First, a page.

kazinski, your unflinching committment to the most idiotic possible arguments (Comey done Ashcroft wrong as much as Card and Gonzales did) would be funny if it were not the case that I'm guessing that you are allowed to vote.
5.17.2007 3:48pm
Kovarsky (mail):
Kazinski,

That's evidence? And if their visit to Ashcroft was such a deep dark secret, how did Comey get there first?

Uh, because Mrs. Ashcroft called him, like the, uh, transcript says.
5.17.2007 3:52pm
rarango (mail):
kovarsky: Your first paragraph was my fundamental point, and we are in total agreement on that; I can't and wont speak for kazinski, but I was not asking anyone to abandon all judgment and common sense; merely to suspend judgment. Nothing more--nothing less. Fair enough? You inferred much more from my posts than I intended. If I misled you, it was not intentional.
5.17.2007 3:54pm
Kovarsky (mail):
Rarango,

I just sense the call to withhold judgment to be a little disingenuous. "I do not have a dog in this fight" does not follow from "I do not like AGAG," so I'm not afraid to say that it seems fairly clear where your rooting interests lie.

Comey, a man for whom everyone who has ever met him appears willing to swear on their children for, testified under oath, before Congress to these events. The corraborate much information that we already know. Unless we reasonably anticipate the administration to address the issue forthrightly (rather than get the Snow-job we got from the WH), there is no logical reason to "withhold judgment" in the sense that we should refrain from condemning the action as inappropriate.
5.17.2007 4:01pm
Kazinski:
Kovarsky,
Not only am I allowed to vote but my candidate of choice has won the last two Presidential elections.


And please tell me, didn't Comey do just exactly what Gonzales and Card are accused of doing? Going down to the hospital bed of a sick man and try to get him to take their side in an arguement?
5.17.2007 4:03pm
byomtov (mail):
to suspend judgment

Waiting for what, exactly? Gonzales, Bush, Card, have had an opportunity to claim Comey's account is inaccurate or otherwise to comment on it. They have chosen not to. Why should anyone now "suspend judgment?"
5.17.2007 4:16pm
Steve:
And please tell me, didn't Comey do just exactly what Gonzales and Card are accused of doing? Going down to the hospital bed of a sick man and try to get him to take their side in an arguement?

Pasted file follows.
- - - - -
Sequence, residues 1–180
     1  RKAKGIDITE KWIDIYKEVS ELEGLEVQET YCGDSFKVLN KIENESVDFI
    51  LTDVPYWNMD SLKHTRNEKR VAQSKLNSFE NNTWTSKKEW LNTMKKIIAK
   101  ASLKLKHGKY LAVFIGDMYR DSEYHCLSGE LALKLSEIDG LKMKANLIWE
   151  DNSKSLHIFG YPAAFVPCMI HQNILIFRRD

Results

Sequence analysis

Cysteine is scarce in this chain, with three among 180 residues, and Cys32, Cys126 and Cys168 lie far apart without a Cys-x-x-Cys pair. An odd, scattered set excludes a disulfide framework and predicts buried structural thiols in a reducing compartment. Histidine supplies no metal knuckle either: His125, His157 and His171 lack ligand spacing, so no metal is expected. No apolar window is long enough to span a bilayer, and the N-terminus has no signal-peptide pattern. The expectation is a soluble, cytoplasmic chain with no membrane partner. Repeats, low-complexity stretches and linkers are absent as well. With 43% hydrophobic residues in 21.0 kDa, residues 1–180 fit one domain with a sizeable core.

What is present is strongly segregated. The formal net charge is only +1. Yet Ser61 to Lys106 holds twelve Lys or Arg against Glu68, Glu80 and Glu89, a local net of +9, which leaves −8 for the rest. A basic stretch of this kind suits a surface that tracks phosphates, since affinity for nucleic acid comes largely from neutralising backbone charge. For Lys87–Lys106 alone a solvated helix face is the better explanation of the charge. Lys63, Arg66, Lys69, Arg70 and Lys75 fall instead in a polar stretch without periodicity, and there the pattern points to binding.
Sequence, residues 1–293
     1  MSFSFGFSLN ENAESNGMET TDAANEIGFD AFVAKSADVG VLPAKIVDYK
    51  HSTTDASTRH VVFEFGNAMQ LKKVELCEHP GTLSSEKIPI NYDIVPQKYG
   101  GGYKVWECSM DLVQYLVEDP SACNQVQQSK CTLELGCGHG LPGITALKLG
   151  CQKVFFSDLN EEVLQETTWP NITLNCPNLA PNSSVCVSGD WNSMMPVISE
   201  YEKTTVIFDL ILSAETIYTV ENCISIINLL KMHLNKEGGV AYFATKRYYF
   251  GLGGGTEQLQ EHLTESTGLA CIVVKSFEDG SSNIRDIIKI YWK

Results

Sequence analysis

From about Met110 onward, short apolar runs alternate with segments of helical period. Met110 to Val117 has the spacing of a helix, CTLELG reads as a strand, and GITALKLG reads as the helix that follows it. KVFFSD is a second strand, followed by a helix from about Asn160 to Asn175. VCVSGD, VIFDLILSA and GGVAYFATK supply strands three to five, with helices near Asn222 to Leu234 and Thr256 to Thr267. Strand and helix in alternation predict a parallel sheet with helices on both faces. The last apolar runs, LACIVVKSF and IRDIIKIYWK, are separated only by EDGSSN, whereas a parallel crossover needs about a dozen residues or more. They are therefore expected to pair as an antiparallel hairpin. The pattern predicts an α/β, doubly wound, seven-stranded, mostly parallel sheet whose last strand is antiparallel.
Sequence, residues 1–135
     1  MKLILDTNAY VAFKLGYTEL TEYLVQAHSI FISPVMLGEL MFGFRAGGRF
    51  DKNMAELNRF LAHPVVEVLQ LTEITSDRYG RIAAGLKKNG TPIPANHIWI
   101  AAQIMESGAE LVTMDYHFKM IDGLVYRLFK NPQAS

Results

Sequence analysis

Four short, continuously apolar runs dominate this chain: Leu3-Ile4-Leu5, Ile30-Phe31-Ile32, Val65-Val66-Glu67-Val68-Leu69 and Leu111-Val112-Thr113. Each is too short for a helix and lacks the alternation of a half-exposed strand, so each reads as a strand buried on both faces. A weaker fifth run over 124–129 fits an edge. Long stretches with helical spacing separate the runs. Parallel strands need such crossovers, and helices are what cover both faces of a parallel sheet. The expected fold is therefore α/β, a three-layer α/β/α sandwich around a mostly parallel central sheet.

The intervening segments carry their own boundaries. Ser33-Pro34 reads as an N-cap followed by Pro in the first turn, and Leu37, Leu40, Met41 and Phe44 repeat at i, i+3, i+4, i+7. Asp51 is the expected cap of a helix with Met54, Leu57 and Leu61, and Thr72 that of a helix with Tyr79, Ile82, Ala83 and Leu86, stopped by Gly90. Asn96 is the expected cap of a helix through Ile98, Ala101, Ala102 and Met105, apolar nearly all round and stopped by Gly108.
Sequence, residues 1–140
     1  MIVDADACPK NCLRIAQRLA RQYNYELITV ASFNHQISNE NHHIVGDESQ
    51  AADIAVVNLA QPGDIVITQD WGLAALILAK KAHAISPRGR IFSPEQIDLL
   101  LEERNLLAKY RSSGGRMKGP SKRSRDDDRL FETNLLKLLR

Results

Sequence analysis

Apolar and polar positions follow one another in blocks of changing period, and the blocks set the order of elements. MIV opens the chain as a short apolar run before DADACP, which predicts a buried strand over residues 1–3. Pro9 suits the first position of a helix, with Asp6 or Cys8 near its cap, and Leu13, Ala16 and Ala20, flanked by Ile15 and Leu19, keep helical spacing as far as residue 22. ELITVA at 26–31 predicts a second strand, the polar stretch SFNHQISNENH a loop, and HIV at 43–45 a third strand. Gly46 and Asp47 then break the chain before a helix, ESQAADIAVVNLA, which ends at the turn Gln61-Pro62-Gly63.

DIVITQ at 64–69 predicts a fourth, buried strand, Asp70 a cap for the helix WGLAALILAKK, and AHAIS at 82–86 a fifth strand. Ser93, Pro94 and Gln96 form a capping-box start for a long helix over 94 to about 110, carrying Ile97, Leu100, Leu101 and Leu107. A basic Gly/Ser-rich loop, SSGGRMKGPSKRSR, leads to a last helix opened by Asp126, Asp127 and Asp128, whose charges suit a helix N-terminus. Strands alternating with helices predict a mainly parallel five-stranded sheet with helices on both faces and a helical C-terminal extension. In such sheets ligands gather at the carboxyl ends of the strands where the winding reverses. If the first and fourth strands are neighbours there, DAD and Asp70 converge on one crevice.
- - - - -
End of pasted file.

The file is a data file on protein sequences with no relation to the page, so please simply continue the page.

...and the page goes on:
Face it, Kovarsky, you're punching above your weight class here. This guy has arguments Tony Snow can only dream of.
5.17.2007 4:20pm
rarango (mail):
Kovarsky: Sense what you like. I dislike your calling me a liar. I have not impugned anybody's motivations nor do I call people on this board names. OK?
5.17.2007 4:22pm
badger (mail):

Let me recommend to you the 1950 Movie Rashomon. It can it explain what I am trying to argue here, better than I can.

I've seen Rashomon many times, but I don't remember the scenes where the Bandit gives his version of the story, referrs to several other people in the woods who could verify his story, has several prominent Japanese officials testify to his trustworthiness, followed by scenes where the woman and the dead man's ghost's medium both refuse to given an account of what happened.

Was that in the director's cut or something? Thank god for editors!
5.17.2007 4:23pm
Felix Sulla (mail):

And please tell me, didn't Comey do just exactly what Gonzales and Card are accused of doing? Going down to the hospital bed of a sick man and try to get him to take their side in an arguement?
Nope. Comey was just fine with leaving Ashcroft to recuperate in peace, which is after all what Mrs. Ashcroft wanted as well. And it wasn't about getting Ashcroft to take his side: they had agreed on the matter a week prior. It was Mrs. Ashcroft who let Comey know what was happening...presumably, so that he could come down and make sure that Gonzo and Card *didn't* try to get a sick man to take their side. I feel this is not a hard point to grasp, Kazinski.
5.17.2007 4:29pm
Kovarsky (mail):
Rarango,

I'm not calling you a liar. I'm just saying that you do not establish your neutrality by revealing your distaste for AGAG. The fact is that this incident is as much about Card, Bush, Cheney, and Addington as it is about Gonzales.
5.17.2007 4:33pm
Kovarsky (mail):
Face it, Kovarsky, you're punching above your weight class here. This guy has arguments Tony Snow can only dream of.